A Day at the MFA with Kids
Sometimes I get the impression that parents think the Museum of Fine Arts, Boston (MFA) is a little too highbrow for kids, or that children don’t have long enough attention spans for a couple of hours at the museum. I disagree. In fact, I think visiting the MFA is a wonderful museum to visit as a family. I have found the place to be very family-friendly, especially if you take the time to do some planning. Read on for tips to help you get the most out of your visit.
There are a few things I recommend doing before, during, and after your visit to the Museum of Fine Arts to fully enjoy the experience with children:
Before You Go
Go to Visiting the MFA with Children on the museum’s website. Read through the Family Visiting Guide online or pick up a print version when you get there. The guide has useful information (like where the nursing room is located) and tips for sharing art with your kids.
Take a look at the exhibition descriptions, and consider your child’s interests. Select just a few exhibits to hit during your visit. Although there are types of art that may be universally interesting to children, you know your child best, so sometimes it’s best to ignore the well-intentioned nudges the MFA gives you to visit specific galleries.
For example, we were steered in the direction of the Paper Zoo exhibit several times, but my kids (who aren’t really into animals) weren’t all that impressed. The Dancing with Renoir trio, however, kept them fascinated for quite some time. They played “I Spy” and compared the three paintings, pointing out nuances I hadn’t even noticed.
Find out which family activities are happening during your planned visit on the Kids and Family Programs page. Even if there isn’t a special activity for children on that day, if you have children ages 4 and up, you can always check out a Family Activity Tote at the visitor center. The totes contain activities and sketching supplies, and they have been a huge help to us – the kids have been so much more engaged when they have an activity and a tactile way to interact with the art.
While You’re There
I recommend doing three things when you get to the museum: Check your big bags, go to the bathroom, and make a stop at the Sharf Visitor’s Center. There you can find out what’s going on for the day, pick up a map, get directions, check out a tote, select a couple of activity cards, and get a Passport, if you’re planning to visit the Art of the Americas Wing.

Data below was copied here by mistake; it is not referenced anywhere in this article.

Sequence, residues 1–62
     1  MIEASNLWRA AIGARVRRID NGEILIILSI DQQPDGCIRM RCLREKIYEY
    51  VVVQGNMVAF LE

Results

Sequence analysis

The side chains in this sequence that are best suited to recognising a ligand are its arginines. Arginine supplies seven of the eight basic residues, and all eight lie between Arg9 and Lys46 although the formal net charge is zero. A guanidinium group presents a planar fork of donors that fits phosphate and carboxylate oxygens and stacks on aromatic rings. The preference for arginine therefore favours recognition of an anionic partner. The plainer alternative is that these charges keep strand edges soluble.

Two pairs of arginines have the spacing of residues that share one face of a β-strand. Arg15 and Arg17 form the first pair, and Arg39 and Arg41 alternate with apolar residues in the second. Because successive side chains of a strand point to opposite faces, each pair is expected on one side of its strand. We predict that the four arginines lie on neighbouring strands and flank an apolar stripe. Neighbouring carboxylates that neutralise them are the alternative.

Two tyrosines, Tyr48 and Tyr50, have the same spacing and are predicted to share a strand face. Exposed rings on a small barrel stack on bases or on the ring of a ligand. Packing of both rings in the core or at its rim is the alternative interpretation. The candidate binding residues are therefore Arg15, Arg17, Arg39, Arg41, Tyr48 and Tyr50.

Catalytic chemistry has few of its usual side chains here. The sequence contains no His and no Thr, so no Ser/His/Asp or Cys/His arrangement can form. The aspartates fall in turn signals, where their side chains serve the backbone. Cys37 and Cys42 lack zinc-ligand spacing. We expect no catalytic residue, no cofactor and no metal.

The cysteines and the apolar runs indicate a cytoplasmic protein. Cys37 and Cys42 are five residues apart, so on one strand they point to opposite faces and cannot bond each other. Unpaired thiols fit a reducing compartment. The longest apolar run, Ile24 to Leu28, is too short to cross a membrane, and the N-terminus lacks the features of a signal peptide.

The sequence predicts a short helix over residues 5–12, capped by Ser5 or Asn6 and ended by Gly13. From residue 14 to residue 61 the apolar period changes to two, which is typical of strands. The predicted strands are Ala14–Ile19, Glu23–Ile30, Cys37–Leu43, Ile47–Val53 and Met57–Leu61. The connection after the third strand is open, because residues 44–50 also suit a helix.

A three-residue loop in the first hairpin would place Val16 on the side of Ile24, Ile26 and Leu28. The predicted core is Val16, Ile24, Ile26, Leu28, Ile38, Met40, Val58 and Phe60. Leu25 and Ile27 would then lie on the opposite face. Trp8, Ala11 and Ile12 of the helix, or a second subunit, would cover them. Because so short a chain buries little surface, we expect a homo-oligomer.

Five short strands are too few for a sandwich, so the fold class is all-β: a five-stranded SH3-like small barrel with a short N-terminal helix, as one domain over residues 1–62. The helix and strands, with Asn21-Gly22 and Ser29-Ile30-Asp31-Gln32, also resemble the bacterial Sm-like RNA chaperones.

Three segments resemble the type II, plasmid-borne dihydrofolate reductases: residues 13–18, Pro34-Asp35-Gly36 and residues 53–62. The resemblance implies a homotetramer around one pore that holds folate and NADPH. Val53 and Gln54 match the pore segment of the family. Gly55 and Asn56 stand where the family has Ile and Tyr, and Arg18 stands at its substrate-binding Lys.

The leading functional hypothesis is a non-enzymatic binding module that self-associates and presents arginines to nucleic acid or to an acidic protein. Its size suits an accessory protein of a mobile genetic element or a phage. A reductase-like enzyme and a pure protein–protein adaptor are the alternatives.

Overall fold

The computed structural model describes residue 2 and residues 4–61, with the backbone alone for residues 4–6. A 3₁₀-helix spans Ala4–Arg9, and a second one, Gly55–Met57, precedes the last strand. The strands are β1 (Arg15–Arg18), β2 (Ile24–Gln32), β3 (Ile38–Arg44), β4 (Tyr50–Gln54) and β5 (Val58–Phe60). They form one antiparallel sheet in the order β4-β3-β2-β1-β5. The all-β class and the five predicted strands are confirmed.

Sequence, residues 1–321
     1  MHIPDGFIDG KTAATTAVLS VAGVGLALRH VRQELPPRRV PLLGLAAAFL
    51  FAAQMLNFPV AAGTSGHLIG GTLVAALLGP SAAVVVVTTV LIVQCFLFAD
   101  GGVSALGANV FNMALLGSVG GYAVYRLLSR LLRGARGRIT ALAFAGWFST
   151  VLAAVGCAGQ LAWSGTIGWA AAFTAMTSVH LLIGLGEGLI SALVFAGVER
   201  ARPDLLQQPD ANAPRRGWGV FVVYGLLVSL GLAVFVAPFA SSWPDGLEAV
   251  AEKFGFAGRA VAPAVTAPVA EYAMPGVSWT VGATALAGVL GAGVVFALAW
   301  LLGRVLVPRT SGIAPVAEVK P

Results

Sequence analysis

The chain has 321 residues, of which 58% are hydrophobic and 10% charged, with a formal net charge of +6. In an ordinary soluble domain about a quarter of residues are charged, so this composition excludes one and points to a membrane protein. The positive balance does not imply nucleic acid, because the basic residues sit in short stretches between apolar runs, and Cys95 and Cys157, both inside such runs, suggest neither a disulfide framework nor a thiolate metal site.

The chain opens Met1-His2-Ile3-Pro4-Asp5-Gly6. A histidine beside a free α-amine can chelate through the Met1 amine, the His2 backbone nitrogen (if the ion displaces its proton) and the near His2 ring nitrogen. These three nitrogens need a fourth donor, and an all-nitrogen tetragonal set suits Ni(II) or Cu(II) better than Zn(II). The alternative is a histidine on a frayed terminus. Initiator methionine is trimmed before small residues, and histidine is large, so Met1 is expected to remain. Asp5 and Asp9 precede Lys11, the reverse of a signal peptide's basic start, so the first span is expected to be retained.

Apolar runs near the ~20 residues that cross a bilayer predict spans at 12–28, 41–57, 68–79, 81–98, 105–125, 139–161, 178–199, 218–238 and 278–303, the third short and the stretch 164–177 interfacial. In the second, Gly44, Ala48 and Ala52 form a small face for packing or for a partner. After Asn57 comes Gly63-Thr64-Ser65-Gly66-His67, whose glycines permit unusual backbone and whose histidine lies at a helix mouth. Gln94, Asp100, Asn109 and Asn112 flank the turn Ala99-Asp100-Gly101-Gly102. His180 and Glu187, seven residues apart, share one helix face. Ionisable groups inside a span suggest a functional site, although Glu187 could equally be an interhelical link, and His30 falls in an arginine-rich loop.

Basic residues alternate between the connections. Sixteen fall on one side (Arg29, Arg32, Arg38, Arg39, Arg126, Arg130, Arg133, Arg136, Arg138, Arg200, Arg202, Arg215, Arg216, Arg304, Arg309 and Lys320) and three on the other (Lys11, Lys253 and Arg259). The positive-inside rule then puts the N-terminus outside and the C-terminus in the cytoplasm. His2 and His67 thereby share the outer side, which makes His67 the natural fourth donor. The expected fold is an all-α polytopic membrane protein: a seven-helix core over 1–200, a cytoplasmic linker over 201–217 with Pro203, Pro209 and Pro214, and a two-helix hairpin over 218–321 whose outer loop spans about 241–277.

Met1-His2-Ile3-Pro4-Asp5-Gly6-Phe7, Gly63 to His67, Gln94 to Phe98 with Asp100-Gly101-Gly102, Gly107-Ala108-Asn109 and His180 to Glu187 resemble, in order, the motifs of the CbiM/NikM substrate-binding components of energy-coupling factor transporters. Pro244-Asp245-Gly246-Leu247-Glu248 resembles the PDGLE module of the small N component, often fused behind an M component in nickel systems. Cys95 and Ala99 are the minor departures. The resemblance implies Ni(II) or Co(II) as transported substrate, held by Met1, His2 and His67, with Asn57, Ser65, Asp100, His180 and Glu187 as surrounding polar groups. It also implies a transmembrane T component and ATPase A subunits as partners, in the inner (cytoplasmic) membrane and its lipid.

If you didn’t do any advance planning, this would be a good time to pick up a Family Visiting Guide along with a map, and decide which exhibits you want to see. Either way, I think the key is to take your list of must-see galleries, find them on the map, and then plan your day. Make sure you’re somewhere near a dining establishment (either the nursing room in the Hemicycle or the cafeteria on the ground floor) when mealtimes are approaching, and add in a few retail-therapy sessions at one of the gift shops for a break.
If the weather is nice, I highly, highly, highly recommend letting the kids run free in the courtyard at least once during your visit. We had hit a wall, so to speak, when I took the kids outside for a snack and let them loose out in the courtyard for a good half hour. They were then ready to go to fully enjoy the art (and allow me to enjoy it as well).
After Your Visit
Talk about what you saw and how it relates to something your child has been learning about. Find out what your kids liked most – this will help with planning future visits. (Hopefully they don’t say they liked the gift shop best!) If your children didn’t doing any sketching during their visit – or even if they did – give them a chance to create art inspired by what they saw that day at the museum.
For future visits, especially if your child is a budding artist, it’s good to know about the MFA’s many art-making opportunities for kids: You can sketch together on Wednesday nights or participate in drop-in art projects during school vacation weeks and open houses. MFA Playdates for toddlers include storytime, art-gazing, and an art-making activity. The museum also offers studio classes for kids to learn about the world through drawing, painting, sculpting, collaging and printing. If your child is wild about art, the MFA also has birthday party packages for the kids ages 4 and up. Visit the museum’s Kids and Family Programs pages to find out when things are happening.
We have found that a little planning goes a long way toward making a day at the MFA relaxed, rewarding, and – I dare say – fun.